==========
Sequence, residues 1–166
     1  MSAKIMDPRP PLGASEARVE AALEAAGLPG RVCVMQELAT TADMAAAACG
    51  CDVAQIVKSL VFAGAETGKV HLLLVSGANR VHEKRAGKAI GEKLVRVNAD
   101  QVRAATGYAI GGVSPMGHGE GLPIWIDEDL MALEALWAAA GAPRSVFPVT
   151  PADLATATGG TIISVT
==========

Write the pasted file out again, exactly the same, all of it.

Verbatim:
Sequence, residues 1–166
     1  MSAKIMDPRP PLGASEARVE AALEAAGLPG RVCVMQELAT TADMAAAACG
    51  CDVAQIVKSL VFAGAETGKV HLLLVSGANR VHEKRAGKAI GEKLVRVNAD
   101  QVRAATGYAI GGVSPMGHGE GLPIWIDEDL MALEALWAAA GAPRSVFPVT
   151  PADLATATGG TIISVT